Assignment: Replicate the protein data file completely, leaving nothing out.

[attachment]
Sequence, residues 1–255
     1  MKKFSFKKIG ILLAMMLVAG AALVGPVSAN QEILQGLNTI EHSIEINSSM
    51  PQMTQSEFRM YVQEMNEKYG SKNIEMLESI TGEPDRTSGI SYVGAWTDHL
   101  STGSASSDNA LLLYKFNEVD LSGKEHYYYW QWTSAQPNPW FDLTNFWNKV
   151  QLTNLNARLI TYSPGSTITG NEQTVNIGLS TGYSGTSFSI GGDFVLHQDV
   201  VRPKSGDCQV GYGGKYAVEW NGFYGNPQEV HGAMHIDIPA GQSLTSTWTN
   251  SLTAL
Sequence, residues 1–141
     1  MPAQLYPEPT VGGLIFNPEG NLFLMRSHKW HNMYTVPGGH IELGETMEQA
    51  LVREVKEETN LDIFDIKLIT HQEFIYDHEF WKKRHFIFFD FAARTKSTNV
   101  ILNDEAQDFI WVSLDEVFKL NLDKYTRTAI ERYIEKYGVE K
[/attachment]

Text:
Sequence, residues 1–255
     1  MKKFSFKKIG ILLAMMLVAG AALVGPVSAN QEILQGLNTI EHSIEINSSM
    51  PQMTQSEFRM YVQEMNEKYG SKNIEMLESI TGEPDRTSGI SYVGAWTDHL
   101  STGSASSDNA LLLYKFNEVD LSGKEHYYYW QWTSAQPNPW FDLTNFWNKV
   151  QLTNLNARLI TYSPGSTITG NEQTVNIGLS TGYSGTSFSI GGDFVLHQDV
   201  VRPKSGDCQV GYGGKYAVEW NGFYGNPQEV HGAMHIDIPA GQSLTSTWTN
   251  SLTAL
Sequence, residues 1–141
     1  MPAQLYPEPT VGGLIFNPEG NLFLMRSHKW HNMYTVPGGH IELGETMEQA
    51  LVREVKEETN LDIFDIKLIT HQEFIYDHEF WKKRHFIFFD FAARTKSTNV
   101  ILNDEAQDFI WVSLDEVFKL NLDKYTRTAI ERYIEKYGVE K